Thursday, September 19, 2013

Fiction | A Proper Kind of Romance

When I discovered last month that it was Read-A-Romance Month and hatched my plan to introduce myself to the genre, I didn’t really consider the fact that the book I was reading at that particular moment was, in fact, a romance.

I would have never guessed, because Julianne Donaldson’s Edenbrooke isn’t a romance of the shirtless cover, steamy sex variety. In fact, its publisher, Shadow Mountain, used this title to debut its new line of romances dubbed “A Proper Romance.” (Guess Shadow Mountain isn’t as entertained by the creative use of impassioned adjectives as I am…) No matter, Edenbrooke is a perfectly fine novel, more in line with a Jane Austen-type love story than the sultry, seductive kind.

This was one of my few grabs at BEA last year when I was sick as a dog, and I picked it up for its historical, English countryside setting. Marianne is our heroine—a girl going stir crazy in Bath, living with a grandmother who disapproves of her independent, atypical ways. Marianne basically thinks the world she lives in is ridiculous. Women are expected to be meek and mild, preen for a husband, follow a designated path rather than live their own lives; and she wants no part of it. Marianne’s twin sister Cecily is basically her exact opposite—everything a woman of the times “should” be. Cecily’s been spending her time at a sprawling country estate called Edenbrooke, hatching a plan to marry the estate’s hier. When she invites her sister to Edenbrooke for a stay, Marianne jumps at the chance to get out of Bath and enjoy the countryside she so deeply loves, fully intending to keep to herself and stay far, far away from Cecily’s mission.

But of course plans go awry.

Marianne’s coach gets robbed by a highwayman. This somewhat obnoxious but dashing stranger keeps showing up. And Marianne generally feels that her entire way of being will both disgrace her grandmother and keep her single for life. But of course, I promised a romance with this post, so of course that “obnoxious but dashing stranger” plays a bigger role!

This story is really about Marianne, a very young woman (late teens, I think?), growing up and making peace with what’s expected of her and what she wants. She’s a likable character to follow as she navigates her place in the world. This is a “pretty” romance, with an idyllic setting and plot twists that entertain without overwhelming. And, following what I learned about Romance novels, you can rest assured everything will work out in the end.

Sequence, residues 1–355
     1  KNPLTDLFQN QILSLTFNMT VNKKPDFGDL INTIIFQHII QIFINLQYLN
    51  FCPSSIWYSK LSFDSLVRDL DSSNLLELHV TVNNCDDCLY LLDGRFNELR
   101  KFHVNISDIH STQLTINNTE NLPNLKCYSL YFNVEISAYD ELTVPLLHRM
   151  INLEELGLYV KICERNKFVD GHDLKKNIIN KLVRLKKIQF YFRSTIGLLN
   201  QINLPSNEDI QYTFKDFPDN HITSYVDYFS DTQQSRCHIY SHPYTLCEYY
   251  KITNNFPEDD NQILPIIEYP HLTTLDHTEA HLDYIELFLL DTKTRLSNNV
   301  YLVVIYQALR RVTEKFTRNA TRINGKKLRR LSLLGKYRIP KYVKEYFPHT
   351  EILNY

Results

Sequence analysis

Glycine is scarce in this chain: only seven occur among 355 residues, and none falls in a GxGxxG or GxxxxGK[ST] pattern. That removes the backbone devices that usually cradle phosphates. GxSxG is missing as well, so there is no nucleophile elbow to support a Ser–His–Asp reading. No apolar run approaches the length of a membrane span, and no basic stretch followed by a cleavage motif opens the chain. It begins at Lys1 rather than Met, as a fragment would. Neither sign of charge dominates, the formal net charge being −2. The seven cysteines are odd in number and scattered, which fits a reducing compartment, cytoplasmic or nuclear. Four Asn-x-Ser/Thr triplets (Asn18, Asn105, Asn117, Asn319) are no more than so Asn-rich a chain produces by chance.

Wednesday, September 11, 2013

Revisiting Potter, Part 1: The Sorcerer’s Stone

Since my Anne of Green Gables re-read is mostly over (I’ll get to the last two eventually…), I decided to start a fun new one. I discovered that the entire Harry Potter series is available in eBook format for checkout from my home city’s library, and this seemed like a fun re-reading project mixed in with my class readings for this, my last, semester of grad school! I read the Harry Potter series as it came out, but I usually confuse one with another and don’t remember details very well. I’ve been wanting to do a HP movie marathon for a long time (I haven’t seen them all), but that’s to be saved for a cold, rainy day. A reading project felt like something fun to do in the meantime!

I remember the summer when I was 15 and I heard buzz about this series called Harry Potter. (Where did I hear this buzz? Social media didn’t exist; I didn’t work at the library yet; and I was the bookworm that talked about books. Where could I have possibly heard about it?) I picked up the first two in the series from the library and quickly sped through them as I was visiting my sister who lived in Tampa at the time. The third had been recently released and I got my sis to drive me to Barnes & Noble to pick it up; I just couldn’t wait until I was home to read it. Since then, I read the rest of the series as it was released. It was always something to look forward to, yet something you always knew would have a definite conclusion. I remember when the series was finished (in both book and movie format), it felt very weird to be in a world that didn’t have a new Harry Potter on the horizon.

Anyway, this re-read of Harry Potter and the Sorcerer’s Stone is much how I remembered it; there was no new perspective on the second go-around, no new revelations reading as an adult instead of an adolescent. I think this is a wonderful introduction to the series. It’s full of action and humor; it has well-drawn characters that we feel we know after just one short book.

It’s hard to separate this introduction to Harry Potter’s world from the rest of the stories that follow, that we’re so used to. But this paints a clear picture of that world that’s easy to get lost in—the rest of the books just build upon it. I remember, upon seeing the first movie, that so much of the visuals were so similar to how I pictured it in my head. That’s a testament to how well this world is created on paper.